On Sunday, June 8, 55-year-old Robert Kilroy of East Tawas allegedly abducted a woman at knifepoint as she was closing up a business in Baldwin Township for the night. Kilroy allegedly forced her into his vehicle before driving off onto US-23, according to news reports at Mlive.com. Kilroy was arraigned on June 9 on charges of assault with a dangerous weapon, kidnapping, and second-degree sexual assault. He was denied bond.
News reports state that at some point the victim was able to free herself before jumping from the vehicle, which was moving. She then flagged down a motorist and was taken to an area hospital where she was treated for various injuries.
Police were notified about the woman being abducted a knifepoint just before 10:30 p.m. on Sunday. After determining that Kilroy was the suspect, they found and arrested him at his residence. Information regarding whether Kilroy and the alleged victim were acquainted was not disclosed.
While kidnapping is an extremely serious charge that leaves the defendant facing potential life in prison if convicted, second-degree criminal sexual conduct is also a very serious criminal offense. Anyone found guilty of second-degree CSC, which does not involve penetration, may be sentenced to up to 15 years in prison.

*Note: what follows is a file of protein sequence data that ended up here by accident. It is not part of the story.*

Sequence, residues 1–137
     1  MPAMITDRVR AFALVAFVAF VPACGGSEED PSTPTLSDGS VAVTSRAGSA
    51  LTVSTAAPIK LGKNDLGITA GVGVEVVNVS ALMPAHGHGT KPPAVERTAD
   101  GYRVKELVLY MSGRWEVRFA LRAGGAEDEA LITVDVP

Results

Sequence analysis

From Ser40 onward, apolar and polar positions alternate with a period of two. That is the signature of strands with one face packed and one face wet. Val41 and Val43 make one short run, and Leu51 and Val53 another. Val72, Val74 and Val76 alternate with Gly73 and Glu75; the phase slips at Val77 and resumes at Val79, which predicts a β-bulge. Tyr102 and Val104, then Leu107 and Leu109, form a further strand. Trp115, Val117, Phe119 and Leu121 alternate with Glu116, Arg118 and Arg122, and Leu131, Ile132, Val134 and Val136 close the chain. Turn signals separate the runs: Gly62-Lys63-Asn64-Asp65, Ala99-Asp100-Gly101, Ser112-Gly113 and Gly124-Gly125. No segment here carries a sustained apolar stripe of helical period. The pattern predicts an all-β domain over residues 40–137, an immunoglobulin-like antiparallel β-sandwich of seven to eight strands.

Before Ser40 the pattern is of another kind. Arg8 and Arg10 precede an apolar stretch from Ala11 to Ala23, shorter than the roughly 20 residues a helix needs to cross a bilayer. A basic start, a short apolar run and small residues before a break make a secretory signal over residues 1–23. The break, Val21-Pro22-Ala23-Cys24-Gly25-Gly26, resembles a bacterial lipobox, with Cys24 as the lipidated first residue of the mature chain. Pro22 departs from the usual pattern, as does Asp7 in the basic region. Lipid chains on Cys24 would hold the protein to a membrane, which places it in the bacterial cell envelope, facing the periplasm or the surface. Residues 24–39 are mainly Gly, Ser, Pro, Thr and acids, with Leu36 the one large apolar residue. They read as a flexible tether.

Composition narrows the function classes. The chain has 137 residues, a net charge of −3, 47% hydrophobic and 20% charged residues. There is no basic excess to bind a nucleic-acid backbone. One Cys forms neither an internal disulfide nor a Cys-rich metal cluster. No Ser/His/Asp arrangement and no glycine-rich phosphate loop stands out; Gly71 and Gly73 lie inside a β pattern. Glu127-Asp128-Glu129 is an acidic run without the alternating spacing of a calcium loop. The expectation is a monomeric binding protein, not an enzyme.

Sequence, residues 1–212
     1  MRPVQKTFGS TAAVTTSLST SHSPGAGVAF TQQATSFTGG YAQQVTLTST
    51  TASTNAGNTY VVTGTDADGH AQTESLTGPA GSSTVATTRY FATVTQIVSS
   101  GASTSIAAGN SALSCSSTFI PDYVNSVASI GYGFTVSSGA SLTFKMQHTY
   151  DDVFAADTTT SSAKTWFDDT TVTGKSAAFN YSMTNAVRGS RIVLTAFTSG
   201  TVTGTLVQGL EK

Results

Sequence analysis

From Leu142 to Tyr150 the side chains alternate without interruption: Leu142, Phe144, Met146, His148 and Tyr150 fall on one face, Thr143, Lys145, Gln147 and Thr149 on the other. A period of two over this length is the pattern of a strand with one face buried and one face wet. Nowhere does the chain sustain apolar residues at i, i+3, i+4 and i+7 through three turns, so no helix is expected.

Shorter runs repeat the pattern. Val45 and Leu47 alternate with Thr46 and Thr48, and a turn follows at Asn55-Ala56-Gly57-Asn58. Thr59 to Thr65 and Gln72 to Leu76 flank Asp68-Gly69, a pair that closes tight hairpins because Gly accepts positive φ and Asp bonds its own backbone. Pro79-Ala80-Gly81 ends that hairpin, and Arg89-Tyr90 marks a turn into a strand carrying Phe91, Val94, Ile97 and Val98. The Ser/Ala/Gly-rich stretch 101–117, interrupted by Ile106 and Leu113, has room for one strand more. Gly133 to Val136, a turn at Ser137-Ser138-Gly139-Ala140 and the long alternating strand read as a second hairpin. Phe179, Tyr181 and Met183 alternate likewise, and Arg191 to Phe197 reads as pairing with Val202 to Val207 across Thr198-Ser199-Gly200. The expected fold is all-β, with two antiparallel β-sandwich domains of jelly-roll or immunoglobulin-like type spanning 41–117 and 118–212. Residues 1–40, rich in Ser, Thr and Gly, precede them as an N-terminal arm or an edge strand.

There are many conditions that determine whether someone is charged with first-, second-, third-, or fourth-degree criminal sexual conduct in addition to whether penetration occurred. In the situation above, another felony offense (kidnapping) allegedly took place. A person may be charged with second-degree CSC when he/she inappropriately touches another person, and this sexual conduct occurs in conjunction with another felony crime.
Pleading not guilty and going to trial is not the only legal option for those accused of serious crimes. If you are innocent and the evidence is weak or non-existent, a defense attorney may recommend that you go on trial. However, if the evidence against you is strong and you would likely be found guilty, your lawyer may advise that you plead guilty or no contest to a lesser charge if offered by prosecutors. Typically, those who plead face lighter penalties or punishment than defendant’s who are found guilty at trial.
Regardless of the situation, never face charges of sexual assault, rape, child molestation, or any sex offense without the support and guidance of a highly skilled Michigan sex crime attorney.